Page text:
The Illusion of the ‘wrong side of history’ narrative

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The Illusion of History’s Justice in Gaza

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In the past nine months, the world has borne witness to what can only be described as a meticulously documented genocide unfolding in Gaza. This crisis has sparked global mobilization and profound disruptions in protest against the atrocities. Even within the United States, there has been significant outcry and protest actions against the government’s steadfast support for the Israeli Occupation Forces and leadership.

Amidst this outcry, a tired and ineffectual narrative has resurfaced. Many have condemned officials backing Israel, asserting they are on the wrong side of history and complicit in what history will remember as genocide. There’s a prevailing hope that history will eventually hold them accountable.

Yet, if those in power truly feared history’s judgment, the President of the United States wouldn’t be fielding questions about genocidal atrocities over a double scoop of mint chip ice cream.

This narrative emerges from a Western desire to placate collective guilt. It doesn’t stem from ignorance of history; rather, it often reflects an acute awareness. Those acquainted with history’s many tragedies and injustices often seek a higher justice—a justice more enduring than fleeting public opinion shifts and scathing editorials.

However, the “wrong side of history” trope undermines our capacity to confront present realities effectively. To move beyond viewing history as karmic retribution for the powerful, we must first reckon with our relationship to it.

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There’s a tendency to reduce history to bullet points, neglecting its complex tapestry and the ongoing impact of past events on our present. This approach fosters a superficial understanding of historical truths.

As James Baldwin astutely observed in 1965, people who believe history flatters them are ensnared by it, unable to perceive or change themselves or the world. Baldwin’s insight holds true today, revealing how those in power actively work to shed the weight of historical guilt.

Consider the legacy of Dr. Martin Luther King Jr. During his lifetime, he faced widespread public disapproval. It was only after his death that popular sentiment began to shift. Some view this as proof that history can deliver the justice sought. Yet, this notion overlooks the grassroots efforts of the Black community that fueled that change.

Furthermore, Dr. King’s radical anti-capitalist and anti-imperialist principles have been sanitized in public memory, reducing him to a token of white guilt.

This distortion of history extends beyond individuals to broader narratives. Efforts to revise Black history in educational settings, such as in Florida, demonstrate how history can be manipulated to serve white supremacist agendas.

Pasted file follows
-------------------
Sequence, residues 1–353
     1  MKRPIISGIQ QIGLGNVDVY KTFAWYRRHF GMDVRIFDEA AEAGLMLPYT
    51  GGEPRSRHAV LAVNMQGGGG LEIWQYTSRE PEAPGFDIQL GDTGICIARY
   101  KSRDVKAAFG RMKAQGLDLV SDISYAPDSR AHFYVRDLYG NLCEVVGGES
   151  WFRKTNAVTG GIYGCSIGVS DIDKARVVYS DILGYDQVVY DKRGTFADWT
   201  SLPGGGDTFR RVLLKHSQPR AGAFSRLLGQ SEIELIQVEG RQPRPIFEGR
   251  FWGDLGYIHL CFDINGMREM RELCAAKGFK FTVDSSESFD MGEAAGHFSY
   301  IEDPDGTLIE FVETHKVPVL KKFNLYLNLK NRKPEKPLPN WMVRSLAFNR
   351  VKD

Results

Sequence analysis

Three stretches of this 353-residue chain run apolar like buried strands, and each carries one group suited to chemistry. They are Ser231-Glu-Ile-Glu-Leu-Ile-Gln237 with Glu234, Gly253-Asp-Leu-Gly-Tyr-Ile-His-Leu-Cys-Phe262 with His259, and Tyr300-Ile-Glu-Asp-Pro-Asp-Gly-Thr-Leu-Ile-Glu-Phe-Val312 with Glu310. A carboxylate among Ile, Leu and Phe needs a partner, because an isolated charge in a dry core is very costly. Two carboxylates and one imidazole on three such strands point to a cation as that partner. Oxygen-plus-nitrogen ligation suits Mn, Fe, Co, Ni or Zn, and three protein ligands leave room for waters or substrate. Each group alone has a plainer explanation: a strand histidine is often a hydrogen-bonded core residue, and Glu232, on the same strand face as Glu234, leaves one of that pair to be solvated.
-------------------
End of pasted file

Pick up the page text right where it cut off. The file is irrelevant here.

Recent years have seen the rehabilitation of leaders like George W. Bush and Ronald Reagan, despite their roles in egregious policies and actions. Their legacies have been refurbished, shielding them from accountability and perpetuating a sanitized version of their administrations.

It’s not that the powerful are indifferent to their legacies; they wield influence to reshape public perception while alive, knowing posthumous “civility” arguments will temper critiques of their actions.

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Relying on history as an equalizer is perilous, as it dissuades meaningful action by offering an illusory outlet for our helplessness and anxiety.

To preserve an accurate historical record, we must organize and learn from past struggles. As historian Howard Zinn wrote, the memory of oppressed people cannot be erased, fueling ongoing resistance.

Memory and revolt are intertwined; those aware of their history actively shape it rather than passively observing. Holding the powerful to account demands collective mobilization against systems of oppression.

Expecting history alone to judge individuals for perpetrating atrocities underpins a dangerous complacency. It momentarily eases our discomfort but ultimately paralyzes us when urgent action is imperative.

Injustice isn’t naturally remedied by history; it’s confronted and dismantled by people mobilized for change.

The views expressed in this opinion piece are solely those of the author, Gerald Nesmith Jr., and do not necessarily reflect Al Jazeera’s editorial stance.

By Naija247news
By Naija247newshttps://www.naija247news.com/
Naija247news is an investigative news platform that tracks news on Nigerian Economy, Business, Politics, Financial and Africa and Global Economy.

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